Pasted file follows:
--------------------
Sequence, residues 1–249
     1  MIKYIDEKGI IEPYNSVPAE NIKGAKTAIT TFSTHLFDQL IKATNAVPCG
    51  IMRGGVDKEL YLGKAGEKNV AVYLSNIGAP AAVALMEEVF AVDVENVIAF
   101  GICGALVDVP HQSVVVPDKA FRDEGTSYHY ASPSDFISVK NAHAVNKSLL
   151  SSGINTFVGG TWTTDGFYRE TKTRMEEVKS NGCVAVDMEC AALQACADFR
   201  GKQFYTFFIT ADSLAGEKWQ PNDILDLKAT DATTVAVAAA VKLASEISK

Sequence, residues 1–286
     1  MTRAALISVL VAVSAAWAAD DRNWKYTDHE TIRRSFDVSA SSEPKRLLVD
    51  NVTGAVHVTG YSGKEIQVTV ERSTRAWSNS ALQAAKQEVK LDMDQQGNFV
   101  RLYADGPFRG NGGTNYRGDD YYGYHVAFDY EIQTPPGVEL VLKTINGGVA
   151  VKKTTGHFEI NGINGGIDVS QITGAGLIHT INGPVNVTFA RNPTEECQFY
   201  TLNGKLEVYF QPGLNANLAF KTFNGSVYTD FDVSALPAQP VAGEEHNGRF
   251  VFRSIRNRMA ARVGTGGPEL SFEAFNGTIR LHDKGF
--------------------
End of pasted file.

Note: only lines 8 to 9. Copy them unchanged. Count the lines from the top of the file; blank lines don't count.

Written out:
     1  MTRAALISVL VAVSAAWAAD DRNWKYTDHE TIRRSFDVSA SSEPKRLLVD
    51  NVTGAVHVTG YSGKEIQVTV ERSTRAWSNS ALQAAKQEVK LDMDQQGNFV